Six plaintiffs (aged from 8 to 21) have their case, demanding the right to live without climate anxiety, given priority status by the European Court of Human Rights. It might well lead to a landmark judgement.
Last September, a groundbreaking court case was filed by six young activists from Portugal that demanded 33 countries be required to make more ambitious emissions cuts to protect their future physical and mental wellbeing. Those countries include all the EU states, as well as the UK, Norway, Russia, Turkey, Switzerland, and Ukraine.
The plaintiffs - Cláudia Agostinho (21), Catarina Mota (20), Martim Agostinho (17), Sofia Oliveira (15), André Oliveira (12) and Mariana Agostinho (8) - want the European Court of Human Rights to issue binding orders to all EU states in order to prevent discrimination against the young while protecting their rights to exercise outdoors and live without climate anxiety.
In a sign that this case is being taken very seriously, the court has granted the case priority status due to the “importance and urgency of the issues raised.” That means the case will be heard by the court much sooner than expected.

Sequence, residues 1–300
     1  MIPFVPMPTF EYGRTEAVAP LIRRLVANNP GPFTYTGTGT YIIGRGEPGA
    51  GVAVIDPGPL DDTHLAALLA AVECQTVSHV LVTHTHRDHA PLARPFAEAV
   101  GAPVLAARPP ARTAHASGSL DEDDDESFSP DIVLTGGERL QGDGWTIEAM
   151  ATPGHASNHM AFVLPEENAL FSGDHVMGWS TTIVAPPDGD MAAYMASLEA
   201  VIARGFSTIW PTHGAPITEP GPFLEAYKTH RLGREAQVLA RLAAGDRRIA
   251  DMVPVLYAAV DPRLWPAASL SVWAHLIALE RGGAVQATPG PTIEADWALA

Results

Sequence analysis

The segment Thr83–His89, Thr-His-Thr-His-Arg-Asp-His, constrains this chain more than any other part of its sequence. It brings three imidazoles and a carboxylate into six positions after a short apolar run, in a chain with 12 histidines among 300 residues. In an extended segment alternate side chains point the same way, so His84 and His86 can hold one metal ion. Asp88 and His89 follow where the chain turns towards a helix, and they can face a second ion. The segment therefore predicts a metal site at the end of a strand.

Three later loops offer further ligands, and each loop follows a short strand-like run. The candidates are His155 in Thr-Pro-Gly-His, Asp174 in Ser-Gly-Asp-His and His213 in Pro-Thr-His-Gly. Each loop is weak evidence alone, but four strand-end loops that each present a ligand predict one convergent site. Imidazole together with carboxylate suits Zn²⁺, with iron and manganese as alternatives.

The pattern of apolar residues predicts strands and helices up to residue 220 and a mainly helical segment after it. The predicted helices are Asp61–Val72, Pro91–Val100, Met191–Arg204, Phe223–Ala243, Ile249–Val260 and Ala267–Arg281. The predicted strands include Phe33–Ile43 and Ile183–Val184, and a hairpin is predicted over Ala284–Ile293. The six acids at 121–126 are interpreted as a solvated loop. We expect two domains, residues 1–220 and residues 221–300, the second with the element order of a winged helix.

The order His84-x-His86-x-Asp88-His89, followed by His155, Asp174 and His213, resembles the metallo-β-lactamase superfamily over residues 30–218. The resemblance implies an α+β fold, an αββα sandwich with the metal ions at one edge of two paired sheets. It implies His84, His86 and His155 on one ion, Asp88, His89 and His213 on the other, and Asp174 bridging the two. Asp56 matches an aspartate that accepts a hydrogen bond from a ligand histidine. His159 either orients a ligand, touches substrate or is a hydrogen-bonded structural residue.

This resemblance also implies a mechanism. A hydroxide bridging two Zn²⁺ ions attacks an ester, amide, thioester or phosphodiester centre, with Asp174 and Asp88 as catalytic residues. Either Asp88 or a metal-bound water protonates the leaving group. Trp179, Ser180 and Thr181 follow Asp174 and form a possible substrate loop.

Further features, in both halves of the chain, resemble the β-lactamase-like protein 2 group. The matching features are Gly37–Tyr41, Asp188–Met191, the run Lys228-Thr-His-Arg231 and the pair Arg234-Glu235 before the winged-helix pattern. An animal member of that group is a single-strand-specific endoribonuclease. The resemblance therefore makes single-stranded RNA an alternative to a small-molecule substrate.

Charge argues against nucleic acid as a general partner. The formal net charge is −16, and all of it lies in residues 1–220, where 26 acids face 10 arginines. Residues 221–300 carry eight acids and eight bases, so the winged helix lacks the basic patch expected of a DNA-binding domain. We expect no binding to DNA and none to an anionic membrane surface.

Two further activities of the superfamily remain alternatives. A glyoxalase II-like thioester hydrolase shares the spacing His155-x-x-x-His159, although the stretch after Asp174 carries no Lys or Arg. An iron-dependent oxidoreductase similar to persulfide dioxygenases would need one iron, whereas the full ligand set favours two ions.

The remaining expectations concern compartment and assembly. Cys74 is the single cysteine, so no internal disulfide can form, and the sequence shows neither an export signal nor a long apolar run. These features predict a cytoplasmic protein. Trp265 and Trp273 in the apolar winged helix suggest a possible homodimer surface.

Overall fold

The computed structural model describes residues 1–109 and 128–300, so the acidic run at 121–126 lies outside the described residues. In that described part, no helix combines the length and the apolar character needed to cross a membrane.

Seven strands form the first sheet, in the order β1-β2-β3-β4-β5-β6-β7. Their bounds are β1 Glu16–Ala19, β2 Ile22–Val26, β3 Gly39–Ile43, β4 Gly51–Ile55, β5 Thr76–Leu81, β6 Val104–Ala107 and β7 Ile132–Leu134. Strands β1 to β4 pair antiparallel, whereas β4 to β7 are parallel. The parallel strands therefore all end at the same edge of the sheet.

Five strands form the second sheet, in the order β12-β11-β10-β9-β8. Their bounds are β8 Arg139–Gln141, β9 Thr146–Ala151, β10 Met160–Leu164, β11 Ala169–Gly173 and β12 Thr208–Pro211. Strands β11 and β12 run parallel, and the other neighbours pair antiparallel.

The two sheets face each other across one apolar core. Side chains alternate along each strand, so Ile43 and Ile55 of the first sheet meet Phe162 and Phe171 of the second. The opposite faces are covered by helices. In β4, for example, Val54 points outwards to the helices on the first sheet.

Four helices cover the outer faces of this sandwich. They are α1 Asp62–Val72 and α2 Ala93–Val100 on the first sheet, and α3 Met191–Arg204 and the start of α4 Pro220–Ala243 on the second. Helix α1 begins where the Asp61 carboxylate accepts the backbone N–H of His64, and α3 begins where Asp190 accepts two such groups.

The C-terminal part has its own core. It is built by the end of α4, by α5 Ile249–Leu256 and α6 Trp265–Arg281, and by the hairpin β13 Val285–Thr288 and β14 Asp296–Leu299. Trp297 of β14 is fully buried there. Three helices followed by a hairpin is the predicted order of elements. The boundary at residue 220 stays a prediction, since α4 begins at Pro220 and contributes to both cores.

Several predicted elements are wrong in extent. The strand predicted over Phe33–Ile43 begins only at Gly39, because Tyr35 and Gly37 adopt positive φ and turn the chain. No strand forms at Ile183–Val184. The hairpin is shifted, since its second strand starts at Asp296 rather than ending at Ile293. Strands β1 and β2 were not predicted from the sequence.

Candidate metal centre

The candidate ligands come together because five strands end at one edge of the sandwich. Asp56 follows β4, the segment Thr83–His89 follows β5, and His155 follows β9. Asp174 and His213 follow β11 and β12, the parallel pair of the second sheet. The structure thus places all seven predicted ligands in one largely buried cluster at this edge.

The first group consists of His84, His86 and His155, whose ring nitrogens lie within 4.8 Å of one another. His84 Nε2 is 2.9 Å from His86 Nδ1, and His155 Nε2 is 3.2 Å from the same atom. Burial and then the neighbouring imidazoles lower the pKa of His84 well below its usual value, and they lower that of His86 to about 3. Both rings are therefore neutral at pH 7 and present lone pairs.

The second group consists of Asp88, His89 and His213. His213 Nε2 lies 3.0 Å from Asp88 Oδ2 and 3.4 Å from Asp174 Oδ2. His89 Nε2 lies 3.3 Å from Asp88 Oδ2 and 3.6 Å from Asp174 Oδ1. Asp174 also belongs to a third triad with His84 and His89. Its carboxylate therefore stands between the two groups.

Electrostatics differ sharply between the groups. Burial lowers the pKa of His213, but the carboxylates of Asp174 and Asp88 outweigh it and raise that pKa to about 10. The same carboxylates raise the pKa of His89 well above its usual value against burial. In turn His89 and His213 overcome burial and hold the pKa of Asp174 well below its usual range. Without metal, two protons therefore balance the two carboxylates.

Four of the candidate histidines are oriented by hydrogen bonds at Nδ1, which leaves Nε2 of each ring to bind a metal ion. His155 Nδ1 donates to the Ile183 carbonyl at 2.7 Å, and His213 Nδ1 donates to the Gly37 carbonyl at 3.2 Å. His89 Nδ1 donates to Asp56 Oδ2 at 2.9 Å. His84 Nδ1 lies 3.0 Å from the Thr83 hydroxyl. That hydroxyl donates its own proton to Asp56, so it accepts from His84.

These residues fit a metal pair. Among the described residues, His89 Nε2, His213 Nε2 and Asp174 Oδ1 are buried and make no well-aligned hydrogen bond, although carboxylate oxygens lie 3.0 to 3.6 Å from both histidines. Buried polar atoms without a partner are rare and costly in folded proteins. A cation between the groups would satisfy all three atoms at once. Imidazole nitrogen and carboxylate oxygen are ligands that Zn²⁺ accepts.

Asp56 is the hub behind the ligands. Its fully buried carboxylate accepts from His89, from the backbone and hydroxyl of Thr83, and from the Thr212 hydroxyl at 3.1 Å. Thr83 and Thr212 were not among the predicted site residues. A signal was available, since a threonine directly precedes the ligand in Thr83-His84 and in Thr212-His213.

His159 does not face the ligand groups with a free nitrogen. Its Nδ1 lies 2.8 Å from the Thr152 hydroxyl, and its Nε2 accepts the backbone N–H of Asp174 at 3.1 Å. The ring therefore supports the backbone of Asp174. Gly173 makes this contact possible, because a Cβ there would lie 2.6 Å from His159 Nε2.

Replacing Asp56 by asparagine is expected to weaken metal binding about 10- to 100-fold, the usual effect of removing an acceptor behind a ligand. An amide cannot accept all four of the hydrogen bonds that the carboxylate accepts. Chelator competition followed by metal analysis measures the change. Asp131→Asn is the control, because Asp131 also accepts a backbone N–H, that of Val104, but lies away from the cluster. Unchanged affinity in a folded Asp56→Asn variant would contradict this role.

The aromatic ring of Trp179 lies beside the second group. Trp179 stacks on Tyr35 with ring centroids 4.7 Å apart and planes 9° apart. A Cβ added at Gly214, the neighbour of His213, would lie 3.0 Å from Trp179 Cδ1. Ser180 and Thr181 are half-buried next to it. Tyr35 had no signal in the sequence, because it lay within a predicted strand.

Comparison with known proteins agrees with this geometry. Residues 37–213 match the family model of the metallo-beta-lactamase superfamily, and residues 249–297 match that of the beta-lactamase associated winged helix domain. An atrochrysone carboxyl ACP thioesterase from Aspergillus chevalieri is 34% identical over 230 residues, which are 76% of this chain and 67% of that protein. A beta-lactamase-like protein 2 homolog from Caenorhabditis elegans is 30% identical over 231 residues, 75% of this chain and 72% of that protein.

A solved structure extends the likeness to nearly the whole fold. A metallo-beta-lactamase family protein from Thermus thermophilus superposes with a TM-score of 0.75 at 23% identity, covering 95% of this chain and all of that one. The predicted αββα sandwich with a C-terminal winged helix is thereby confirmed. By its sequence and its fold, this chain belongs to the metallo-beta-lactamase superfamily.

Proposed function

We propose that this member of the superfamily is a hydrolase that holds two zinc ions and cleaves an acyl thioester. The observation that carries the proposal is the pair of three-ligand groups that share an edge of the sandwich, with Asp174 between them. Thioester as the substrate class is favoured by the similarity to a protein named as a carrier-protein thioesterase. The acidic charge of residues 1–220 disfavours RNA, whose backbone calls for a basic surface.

This is the first climate lawsuit to be filed with the international court in Strasbourg and campaigners say the decision represents a major step towards a potential landmark judgment.
“It gives me lots of hope to know that the judges in the European Court of Human Rights recognize the urgency of our case,” said plaintiff André Oliveira, who is only 12. “But what I’d like the most would be for European governments to immediately do what the scientists say is necessary to protect our future. Until they do this, we will keep on fighting with more determination than ever.”
The plaintiffs have brought their case with the support of the nonprofit law firm Global Legal Action Network. By suing all these countries together, the youth could spur aggressive action on climate from national governments through a single court order. That would be far more effective than pursuing separate lawsuits or lobbying policymakers in each country.
Looking forward, the 33 countries must each respond to the youths’ complaints by the end of February. Afterward, lawyers representing the plaintiffs will then respond to those points of defense. OGN will keep you updated about this fascinating story...
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